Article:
Here is an intriguing one:

Compared with former times, the contemplative life of today’s Church often manifests a greater fullness of Christianity’s ecclesiological and soteriological aspects.

An intriguing comment! Given that the parable of the sheep and goats comes from a parable about the end of the world (Mt 25) and that this is the place that one most easily goes to support the contemplative idea of seeing Jesus in our neighbours, I think that’s an interesting remark. It would be hard to deny that this aspect of “seeing Jesus in others” was often on the sidelines until a Charles de Foucauld and a Jacques Maritain. But now it is much more “front and centre”. That is one example of Hans Urs von Balthasar being right in this quote.

This quote –

Contemplative prayer has a radiation of its own in ways the person involved does not know (and will not know while on earth).

– reminds me of Marie-Joseph Le Guillou‘s work regarding the Transfiguration of the human body by the Spirit and the emphasis of Jacques and Raïssa Maritain on the secretness of contemplation, its diffusive effects, and our poor eyes.

In general, I came away from the book much better and much clearer in my head and in my heart. However, there are few passages in which I found a choice of words unusual. For example:

No mystic in the tradition of negative theology has undergone more profoundly than [Christ] the “dark night of the senses and the soul” which signals the entrance into the absolute…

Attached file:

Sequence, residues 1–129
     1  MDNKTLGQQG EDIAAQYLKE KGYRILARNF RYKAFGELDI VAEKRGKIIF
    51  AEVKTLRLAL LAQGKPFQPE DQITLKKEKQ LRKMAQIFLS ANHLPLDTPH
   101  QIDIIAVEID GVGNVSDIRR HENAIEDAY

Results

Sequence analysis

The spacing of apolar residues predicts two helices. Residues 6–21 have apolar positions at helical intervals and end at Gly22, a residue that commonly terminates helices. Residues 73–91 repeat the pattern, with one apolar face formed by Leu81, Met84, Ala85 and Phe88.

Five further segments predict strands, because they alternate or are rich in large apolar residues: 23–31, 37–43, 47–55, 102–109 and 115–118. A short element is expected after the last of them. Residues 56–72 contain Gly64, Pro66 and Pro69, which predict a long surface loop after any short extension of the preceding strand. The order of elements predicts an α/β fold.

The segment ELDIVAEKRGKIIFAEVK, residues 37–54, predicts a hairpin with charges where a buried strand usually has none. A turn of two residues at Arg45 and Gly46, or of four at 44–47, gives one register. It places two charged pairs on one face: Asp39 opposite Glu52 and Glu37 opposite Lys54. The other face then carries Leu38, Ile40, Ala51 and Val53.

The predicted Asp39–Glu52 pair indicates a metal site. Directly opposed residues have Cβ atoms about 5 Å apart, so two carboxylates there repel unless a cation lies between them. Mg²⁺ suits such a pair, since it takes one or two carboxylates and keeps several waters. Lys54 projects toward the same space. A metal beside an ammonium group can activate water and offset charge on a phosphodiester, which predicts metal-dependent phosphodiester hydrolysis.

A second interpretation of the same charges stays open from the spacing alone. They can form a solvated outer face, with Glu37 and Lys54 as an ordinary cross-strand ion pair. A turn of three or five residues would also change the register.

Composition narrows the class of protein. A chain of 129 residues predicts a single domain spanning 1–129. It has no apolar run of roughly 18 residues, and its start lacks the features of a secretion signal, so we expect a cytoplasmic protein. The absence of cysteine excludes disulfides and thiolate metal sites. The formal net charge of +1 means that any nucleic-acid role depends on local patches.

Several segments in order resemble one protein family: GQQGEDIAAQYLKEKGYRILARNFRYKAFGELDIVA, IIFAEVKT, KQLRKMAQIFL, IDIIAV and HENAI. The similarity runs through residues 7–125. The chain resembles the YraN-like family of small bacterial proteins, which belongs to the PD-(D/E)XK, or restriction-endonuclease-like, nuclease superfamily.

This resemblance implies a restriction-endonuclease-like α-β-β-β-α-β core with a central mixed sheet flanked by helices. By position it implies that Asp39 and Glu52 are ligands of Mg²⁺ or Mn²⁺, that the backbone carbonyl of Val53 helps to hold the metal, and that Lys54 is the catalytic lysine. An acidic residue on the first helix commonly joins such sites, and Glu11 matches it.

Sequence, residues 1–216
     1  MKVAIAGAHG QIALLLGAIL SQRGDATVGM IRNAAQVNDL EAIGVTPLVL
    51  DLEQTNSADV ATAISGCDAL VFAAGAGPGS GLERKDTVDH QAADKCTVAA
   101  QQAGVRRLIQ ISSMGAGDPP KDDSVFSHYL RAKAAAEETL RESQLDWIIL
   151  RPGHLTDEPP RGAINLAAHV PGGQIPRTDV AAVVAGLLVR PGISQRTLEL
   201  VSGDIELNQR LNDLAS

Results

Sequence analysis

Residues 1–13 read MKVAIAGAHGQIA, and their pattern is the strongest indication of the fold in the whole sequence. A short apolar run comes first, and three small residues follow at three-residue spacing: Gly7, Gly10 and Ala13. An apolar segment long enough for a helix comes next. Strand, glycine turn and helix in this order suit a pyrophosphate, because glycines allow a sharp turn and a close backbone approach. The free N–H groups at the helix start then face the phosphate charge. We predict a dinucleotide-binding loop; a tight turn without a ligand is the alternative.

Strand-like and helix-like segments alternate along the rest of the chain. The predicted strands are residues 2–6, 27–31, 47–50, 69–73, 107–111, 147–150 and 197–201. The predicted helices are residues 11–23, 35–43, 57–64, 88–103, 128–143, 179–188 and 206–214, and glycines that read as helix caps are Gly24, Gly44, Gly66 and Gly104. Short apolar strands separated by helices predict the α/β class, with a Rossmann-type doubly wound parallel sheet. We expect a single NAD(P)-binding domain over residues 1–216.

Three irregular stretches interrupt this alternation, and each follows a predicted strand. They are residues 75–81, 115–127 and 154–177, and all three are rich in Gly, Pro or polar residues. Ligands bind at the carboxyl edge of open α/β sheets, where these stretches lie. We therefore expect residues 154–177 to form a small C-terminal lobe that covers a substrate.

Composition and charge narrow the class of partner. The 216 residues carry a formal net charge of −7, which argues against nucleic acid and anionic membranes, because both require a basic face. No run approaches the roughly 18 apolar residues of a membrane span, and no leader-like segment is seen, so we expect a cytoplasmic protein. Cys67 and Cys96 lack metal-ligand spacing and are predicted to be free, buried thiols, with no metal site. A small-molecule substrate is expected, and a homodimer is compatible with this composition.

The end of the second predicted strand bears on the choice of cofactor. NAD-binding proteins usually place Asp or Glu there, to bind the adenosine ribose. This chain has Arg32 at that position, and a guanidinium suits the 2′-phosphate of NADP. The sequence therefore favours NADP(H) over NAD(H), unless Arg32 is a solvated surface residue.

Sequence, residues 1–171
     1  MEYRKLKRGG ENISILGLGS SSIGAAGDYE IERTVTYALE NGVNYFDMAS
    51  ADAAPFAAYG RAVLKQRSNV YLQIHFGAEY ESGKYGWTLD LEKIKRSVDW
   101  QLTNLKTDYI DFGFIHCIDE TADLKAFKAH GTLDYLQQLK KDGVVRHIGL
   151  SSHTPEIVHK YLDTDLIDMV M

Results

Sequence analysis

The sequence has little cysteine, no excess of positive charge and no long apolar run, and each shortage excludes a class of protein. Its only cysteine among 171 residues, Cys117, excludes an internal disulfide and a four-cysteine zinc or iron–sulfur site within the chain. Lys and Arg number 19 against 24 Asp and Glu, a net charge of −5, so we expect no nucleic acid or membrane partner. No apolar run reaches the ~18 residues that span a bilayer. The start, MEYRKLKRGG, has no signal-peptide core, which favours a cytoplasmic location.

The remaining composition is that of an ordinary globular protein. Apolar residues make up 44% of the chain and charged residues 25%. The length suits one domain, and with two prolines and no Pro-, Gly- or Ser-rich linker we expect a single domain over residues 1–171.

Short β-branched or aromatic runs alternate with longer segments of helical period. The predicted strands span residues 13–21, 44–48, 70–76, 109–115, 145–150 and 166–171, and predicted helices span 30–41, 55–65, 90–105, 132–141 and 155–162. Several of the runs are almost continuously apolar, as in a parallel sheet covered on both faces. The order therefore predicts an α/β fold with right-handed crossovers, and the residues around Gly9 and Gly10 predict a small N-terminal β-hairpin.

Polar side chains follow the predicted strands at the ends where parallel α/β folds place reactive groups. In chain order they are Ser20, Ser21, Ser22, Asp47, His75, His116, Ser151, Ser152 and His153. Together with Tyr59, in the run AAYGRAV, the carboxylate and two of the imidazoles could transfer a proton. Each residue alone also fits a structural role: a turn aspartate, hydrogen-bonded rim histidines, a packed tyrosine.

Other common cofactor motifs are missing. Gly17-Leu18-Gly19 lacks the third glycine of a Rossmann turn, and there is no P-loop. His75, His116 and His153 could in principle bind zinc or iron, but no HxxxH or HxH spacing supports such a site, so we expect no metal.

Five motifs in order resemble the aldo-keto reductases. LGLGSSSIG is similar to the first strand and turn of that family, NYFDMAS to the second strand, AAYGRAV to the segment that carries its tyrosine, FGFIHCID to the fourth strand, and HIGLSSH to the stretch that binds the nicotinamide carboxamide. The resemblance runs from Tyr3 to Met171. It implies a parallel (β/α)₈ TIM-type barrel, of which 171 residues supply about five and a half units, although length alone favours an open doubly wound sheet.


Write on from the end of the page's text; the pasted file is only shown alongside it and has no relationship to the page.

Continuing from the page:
This is a bit confusing. For Saint John of the Cross’ poem and for his explanations in the Dark Night and the Ascent of Mount Carmel, the “dark night” as described is specifically intended to purge beginners of certain sins and ways of acting, and progressives in the spiritual life of their own bent in sin and imperfections. All of which doesn’t apply to Jesus. In his humanity, Jesus could, of course, enter more deeply into the absolute who is the Divinity. But I think this is a very different sense from that in which the “dark night” is typically used and is faithfully used, given the lengths at which John of the Cross insists on the dark night being “necessary” because of sins and imperfections in us. This is just a question of words. No doubt. But it could be clearer.